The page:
Dun Dreach-Fhoula

(DO-in DROC-OLA)
Variations: Dune Droc-Ola ("Castle of the Blood Visage")
In a place called Magillycuddy Reeks in Kerry County, Ireland, stands a castle named Du'n Dreach-Fhoula ("the place of tainted blood"). Originally it was intended to be a fortress to stand guard over a mountain pass, but the area was seldom used for travel as it was rumored to be inhabited by blood-drinking fay.
It is argued by some that this castle's name was the inspiration for the name of BRAM STOKER'S
DRACULA rather than the Wallachian prince, Vlad Dracul III. Despite the fact that Stoker's own journals say otherwise, the debate continues. The basis for this argument is that Stoker had never traveled to Eastern Europe and relied entirely on the secondhand descriptions of travelers who had been to those areas for descriptions he would need for his novel. Coincidentally, during the time that Stoker would have been writing Dracula, Geoffrey Keating's History of Ireland was on display in the National Museum in Dublin. It was filled with tales and descriptions of the undead (see UNDEATH). Additionally, it is possible that Stoker could have also read a then-popular novel about an ancient Irish chieftain named ABHARTACH that was written by Patric W. Joyce in 1880. It has been theorized that Stoker may have taken the name of Du'n Dreach-Fhoula, the historical blood-drinking chieftain ABHARTACH, and the tales of the undead gathered from Keating's book, melded them all together, and created the character of Dracula we all know today.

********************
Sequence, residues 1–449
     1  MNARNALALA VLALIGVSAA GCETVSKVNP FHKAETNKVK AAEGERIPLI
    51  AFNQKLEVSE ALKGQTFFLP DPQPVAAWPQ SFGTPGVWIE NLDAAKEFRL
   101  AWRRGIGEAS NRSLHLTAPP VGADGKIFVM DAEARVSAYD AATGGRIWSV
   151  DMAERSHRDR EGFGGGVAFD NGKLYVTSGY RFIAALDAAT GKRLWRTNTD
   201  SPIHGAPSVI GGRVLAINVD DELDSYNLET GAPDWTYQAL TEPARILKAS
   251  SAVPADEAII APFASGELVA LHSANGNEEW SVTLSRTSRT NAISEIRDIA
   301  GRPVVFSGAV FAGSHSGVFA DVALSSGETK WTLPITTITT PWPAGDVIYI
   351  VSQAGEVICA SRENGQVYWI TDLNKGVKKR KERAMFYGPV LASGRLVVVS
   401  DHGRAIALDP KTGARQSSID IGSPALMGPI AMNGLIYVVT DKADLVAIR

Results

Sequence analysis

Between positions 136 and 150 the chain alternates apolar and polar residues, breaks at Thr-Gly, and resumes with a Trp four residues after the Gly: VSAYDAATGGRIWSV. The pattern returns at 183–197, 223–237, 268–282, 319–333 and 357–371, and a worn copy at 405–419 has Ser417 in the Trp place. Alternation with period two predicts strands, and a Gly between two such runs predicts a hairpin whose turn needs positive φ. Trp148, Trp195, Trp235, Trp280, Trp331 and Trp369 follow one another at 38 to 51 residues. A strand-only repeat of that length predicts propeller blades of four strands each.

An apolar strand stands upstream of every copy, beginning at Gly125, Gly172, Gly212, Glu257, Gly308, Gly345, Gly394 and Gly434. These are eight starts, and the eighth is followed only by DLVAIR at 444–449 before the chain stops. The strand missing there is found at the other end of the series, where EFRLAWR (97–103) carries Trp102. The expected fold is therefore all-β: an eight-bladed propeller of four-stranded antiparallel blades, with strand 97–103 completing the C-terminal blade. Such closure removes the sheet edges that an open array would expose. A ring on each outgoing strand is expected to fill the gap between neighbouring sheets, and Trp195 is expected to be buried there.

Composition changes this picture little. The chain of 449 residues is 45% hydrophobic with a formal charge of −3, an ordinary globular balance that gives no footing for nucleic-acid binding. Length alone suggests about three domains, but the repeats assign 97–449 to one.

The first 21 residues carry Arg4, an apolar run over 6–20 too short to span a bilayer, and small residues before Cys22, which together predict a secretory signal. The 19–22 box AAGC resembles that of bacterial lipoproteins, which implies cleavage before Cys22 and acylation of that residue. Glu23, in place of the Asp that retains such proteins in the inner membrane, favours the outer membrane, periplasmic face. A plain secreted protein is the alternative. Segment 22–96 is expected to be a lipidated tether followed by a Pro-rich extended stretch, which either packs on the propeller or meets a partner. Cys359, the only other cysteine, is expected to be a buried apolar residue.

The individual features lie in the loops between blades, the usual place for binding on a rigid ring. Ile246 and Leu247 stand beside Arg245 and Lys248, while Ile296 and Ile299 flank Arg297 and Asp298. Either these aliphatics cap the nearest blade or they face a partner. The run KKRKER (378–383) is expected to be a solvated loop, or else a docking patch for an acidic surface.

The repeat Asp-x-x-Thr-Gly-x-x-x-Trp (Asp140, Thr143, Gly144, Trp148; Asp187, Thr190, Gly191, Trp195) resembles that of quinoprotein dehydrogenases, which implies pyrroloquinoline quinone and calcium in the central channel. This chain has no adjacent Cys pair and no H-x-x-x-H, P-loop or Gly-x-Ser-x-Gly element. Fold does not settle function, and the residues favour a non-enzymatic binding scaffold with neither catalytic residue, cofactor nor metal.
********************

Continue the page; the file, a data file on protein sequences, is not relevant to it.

Source: Briggs, Encyclopedia of Fairies; Mac Killop, Dictionary of Celtic Mythology, 180; Rose, Giants, Monsters and Dragons, 86

Encyclopedia of vampire mythology . 2014.

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